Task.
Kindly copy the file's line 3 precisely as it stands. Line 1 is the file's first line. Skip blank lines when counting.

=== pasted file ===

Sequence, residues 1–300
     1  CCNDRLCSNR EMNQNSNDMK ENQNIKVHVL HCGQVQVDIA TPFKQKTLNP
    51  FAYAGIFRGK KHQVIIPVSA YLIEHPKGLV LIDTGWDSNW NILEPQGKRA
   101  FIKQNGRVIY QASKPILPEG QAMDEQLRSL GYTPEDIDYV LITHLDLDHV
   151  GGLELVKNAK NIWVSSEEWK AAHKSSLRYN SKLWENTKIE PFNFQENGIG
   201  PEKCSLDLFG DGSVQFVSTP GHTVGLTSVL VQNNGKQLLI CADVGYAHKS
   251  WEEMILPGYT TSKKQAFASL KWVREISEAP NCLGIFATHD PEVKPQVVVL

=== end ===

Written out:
    51  FAYAGIFRGK KHQVIIPVSA YLIEHPKGLV LIDTGWDSNW NILEPQGKRA